External Possibilities:
How does ALA attract younger librarians who function in a 2.0 environment and include them in framing important association issues as well as encourage their involvement with a the growing number of libraries involved in framing public issues?

How can libraries, members of the NIFI network and other practitioners of deliberative dialogue use 2.0 technologies to name, frame, and discuss issues?

Internal Opportunities:
How does ALA apply a different process to framing issues before they are weighted and then involve 2.0 librarians in the actual framing process? How does ALA encourage those who are not 2.0 librarians to be part of the framing as well as subsequent discussions of issues?

How can libraries use 2.0 technologies to help communities
frame local issues?

Overview of the Project

For our project, we will determine potential uses of 2.0 technologies to accomplish the steps in framing an issue for deliberative dialogue. We will conduct experiments using a mock issue and evaluate the benefits and drawbacks of those various technologies in framing the issue.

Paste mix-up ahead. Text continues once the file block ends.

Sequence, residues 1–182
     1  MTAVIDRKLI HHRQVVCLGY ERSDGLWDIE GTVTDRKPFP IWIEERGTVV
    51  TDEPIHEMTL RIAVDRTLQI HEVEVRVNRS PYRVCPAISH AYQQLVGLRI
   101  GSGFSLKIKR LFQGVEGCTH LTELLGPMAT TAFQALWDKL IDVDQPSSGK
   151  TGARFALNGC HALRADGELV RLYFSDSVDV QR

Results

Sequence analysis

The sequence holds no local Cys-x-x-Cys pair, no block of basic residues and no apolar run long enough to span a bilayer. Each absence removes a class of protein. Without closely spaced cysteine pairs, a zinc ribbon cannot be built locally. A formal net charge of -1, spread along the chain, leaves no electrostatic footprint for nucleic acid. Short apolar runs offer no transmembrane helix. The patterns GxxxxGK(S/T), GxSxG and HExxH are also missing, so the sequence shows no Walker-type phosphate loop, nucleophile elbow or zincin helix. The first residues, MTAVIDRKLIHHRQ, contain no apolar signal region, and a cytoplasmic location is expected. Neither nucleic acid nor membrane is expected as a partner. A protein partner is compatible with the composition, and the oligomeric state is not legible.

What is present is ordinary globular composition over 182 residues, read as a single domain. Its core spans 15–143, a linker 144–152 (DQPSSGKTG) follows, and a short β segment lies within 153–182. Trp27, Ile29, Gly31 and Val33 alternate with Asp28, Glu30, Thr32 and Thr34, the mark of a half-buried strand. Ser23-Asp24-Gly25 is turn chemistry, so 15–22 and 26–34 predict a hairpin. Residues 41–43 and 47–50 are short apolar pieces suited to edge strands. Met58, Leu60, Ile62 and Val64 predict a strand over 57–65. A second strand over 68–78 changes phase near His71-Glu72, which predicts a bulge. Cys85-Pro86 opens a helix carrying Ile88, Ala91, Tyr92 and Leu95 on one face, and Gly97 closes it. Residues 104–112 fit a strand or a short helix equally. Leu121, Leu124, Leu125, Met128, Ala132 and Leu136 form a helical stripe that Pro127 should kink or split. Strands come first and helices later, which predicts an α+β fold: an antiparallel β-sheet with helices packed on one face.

Description of Issue Framing Process

The steps to framing an issue for deliberation are:

1. Select an issue based on certain characteristics that distinguish an issue from a simple topic
2. Identify fundamental concerns people have about the issue based on interviews, surveys and other instruments
3. List the concerns
4. Group these concerns according to the underlying value
5. Find the common thread that knits these groups together which may lead to a redefined definition of what is really at issue for people
6. Write a summary of the framework – the overview of the issue
7. Develop 3-4 approaches about what might be done according to the underlying values identified in the clustering exercise